Germany has disposed of 83 million doses of coronavirus vaccines and has another 120 million doses in stock, even as the number of people applying for vaccination in the country is falling dramatically.
According to the country’s health ministry, Germany will have scrapped 54 million doses of Covid-19 vaccine by the end of 2022 and a further 29 million doses in the first quarter of 2023.
The actual figure is likely to be higher, however, as the ministry did not release wastage figures for the second quarter of this year; it also stressed that states and healthcare providers are not obliged to report how many vaccines are discarded, according to Hungarian news outlet Magyar Nemzet.
“Accordingly, the total amount of all discarded coronavirus vaccines purchased by Germany cannot be quantified,” the German Federal Ministry of Health said in response to a request from the Brussels-based news agency Politico.
Meanwhile, a further 120 million doses are still sitting in warehouses, waiting for the Germans to start buying vaccines again. However, the chances of this amount being used up are extremely low, as the latest figures from the EU’s epidemiological office show that a total of 268 doses were administered in Germany in one week in early June. In the previous three weeks, a total of 1,462 people were vaccinated.
And yet, despite the tens of millions of vaccines expected to be discarded, more are on their way, as EU countries, including Germany, can expect to receive more vaccines following the recent agreement between the European Commission and U.S. pharmaceutical giant Pfizer. The exact amount destined for the bloc has not been made public, but according to a source at the confidential meetings who spoke to Politico, 260 million doses of vaccines will be delivered to EU member states over the next four years.
One of the most controversial aspects is the ongoing scandal regarding how the vaccines were ordered in the first place, with a huge amount of vaccines ordered at sky-high prices. The European Parliament’s (EP) special committee dealing with the coronavirus pandemic previously decided to call on Ursula von der Leyen to appear before them publicly and answer questions regarding suspicions of corruption in the procurement of vaccines.
After the outbreak of the coronavirus epidemic, Brussels concluded a contract worth €35 billion in 2020 for the purchase of 1.8 billion doses of the Pfizer-BioNTech vaccine against the coronavirus with the American-German pharmaceutical company.
In April 2021, The New York Times reported that Ursula von der Leyen and the CEO of Pfizer, Albert Bourla, exchanged text messages that facilitated a vaccine procurement agreement that brought huge profits to the pharmaceutical company. At the time the contract was concluded, in December 2020, the president’s husband, Heiko von der Leyen, also became the director of the pharmaceutical company Orgenesis, which works closely with Pfizer.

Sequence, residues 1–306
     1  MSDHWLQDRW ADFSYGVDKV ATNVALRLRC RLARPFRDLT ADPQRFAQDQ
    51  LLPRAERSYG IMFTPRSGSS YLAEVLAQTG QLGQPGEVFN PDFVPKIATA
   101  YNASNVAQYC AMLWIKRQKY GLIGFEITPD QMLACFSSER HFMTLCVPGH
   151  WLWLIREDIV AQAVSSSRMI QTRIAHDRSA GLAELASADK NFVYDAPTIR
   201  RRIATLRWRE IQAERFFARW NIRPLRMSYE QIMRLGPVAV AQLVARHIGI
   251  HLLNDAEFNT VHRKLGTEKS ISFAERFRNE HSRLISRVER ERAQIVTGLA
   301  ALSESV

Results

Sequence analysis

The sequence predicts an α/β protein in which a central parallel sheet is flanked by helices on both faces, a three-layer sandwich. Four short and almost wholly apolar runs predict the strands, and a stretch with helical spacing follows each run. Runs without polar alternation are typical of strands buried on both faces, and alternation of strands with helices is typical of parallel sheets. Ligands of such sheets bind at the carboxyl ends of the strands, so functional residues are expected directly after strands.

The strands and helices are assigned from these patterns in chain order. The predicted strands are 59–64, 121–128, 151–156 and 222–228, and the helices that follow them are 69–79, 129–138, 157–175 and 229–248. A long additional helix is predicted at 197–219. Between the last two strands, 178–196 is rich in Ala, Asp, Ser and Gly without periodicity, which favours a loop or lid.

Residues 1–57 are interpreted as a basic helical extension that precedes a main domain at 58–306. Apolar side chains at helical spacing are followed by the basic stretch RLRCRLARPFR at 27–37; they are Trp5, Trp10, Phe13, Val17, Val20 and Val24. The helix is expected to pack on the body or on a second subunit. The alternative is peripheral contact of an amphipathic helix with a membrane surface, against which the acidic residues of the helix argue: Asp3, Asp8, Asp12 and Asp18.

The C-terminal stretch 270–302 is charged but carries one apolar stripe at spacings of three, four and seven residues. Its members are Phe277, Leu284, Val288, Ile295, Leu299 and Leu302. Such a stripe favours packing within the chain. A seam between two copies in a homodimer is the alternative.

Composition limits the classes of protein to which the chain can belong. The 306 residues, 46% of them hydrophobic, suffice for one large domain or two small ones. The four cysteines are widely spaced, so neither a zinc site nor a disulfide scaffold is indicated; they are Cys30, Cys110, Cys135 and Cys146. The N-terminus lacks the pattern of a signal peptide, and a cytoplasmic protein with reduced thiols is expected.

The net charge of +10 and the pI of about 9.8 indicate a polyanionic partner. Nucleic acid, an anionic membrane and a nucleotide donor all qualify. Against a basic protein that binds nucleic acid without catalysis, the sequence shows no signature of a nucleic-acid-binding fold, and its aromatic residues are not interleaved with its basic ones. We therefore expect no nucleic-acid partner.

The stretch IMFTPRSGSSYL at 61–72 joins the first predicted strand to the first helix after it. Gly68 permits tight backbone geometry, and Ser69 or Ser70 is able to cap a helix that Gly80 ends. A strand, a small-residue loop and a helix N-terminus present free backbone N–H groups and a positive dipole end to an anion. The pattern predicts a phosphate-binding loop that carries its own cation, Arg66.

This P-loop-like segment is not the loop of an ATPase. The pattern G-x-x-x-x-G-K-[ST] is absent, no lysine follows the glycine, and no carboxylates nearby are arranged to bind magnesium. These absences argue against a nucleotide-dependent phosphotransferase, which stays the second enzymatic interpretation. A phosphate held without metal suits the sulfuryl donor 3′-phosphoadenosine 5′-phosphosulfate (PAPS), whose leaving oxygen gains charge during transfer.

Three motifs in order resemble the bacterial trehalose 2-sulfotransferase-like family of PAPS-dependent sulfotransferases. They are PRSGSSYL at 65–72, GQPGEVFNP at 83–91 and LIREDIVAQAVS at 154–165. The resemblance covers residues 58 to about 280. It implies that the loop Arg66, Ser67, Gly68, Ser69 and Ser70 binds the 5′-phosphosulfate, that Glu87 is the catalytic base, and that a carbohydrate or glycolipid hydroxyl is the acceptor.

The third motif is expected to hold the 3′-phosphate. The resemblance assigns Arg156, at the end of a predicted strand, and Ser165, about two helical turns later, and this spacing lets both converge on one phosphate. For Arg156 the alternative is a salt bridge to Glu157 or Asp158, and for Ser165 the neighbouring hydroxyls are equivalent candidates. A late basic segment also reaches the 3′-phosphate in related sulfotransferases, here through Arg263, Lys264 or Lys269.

After the publication of the article in the New York Times, a journalist tried to request public access to the text messages, and when he did not receive them, he turned to the EU ombudsman. The EU body established the facts related to the abuse of office and called for a wider investigation into the messages, while the European Court of Auditors, the EU’s budget control body, testified that it did not receive the requested information from the European Commission for its September report on the preliminary negotiations on vaccine procurement.
However, since none of the EU institutions has been able to shed light on the murky case, at the end of last year, the independent organization of the European Union, the European Public Prosecutor’s Office, launched an investigation into the procurement of vaccines.
Despite the commission’s request, Albert Bourla did not appear before them in person, and due to his behavior, the special committee called for Pfizer officials to be banned from the European Parliament.
Europe continues to pay
Although vaccination rates are likely to rise in the autumn as health systems prepare for seasonal infections, there is little chance that this will make a meaningful difference in the level of vaccine disposal. Germany has a population of 83 million, and 192 million vaccinations were administered during the pandemic’s peak.
The resulting cost of so many vaccines having been ordered and then essentially disposed of are almost certain to run into the billions of euros.
While the ministry did not say what types of vaccines were being or had been discarded, it did say that of the 29 million vaccines that expired by the end of the first quarter of 2023, 5 million were Moderna, 18 million BioNTech/Pfizer, and a further 6 million Novavax.
Assuming a similar distribution between types for the doses that expired at the end of 2022 and the remaining 120 million unused vaccines, the total value of unused vaccines could be roughly €4 billion, according to the amounts set out in the leaked vaccine purchase contracts.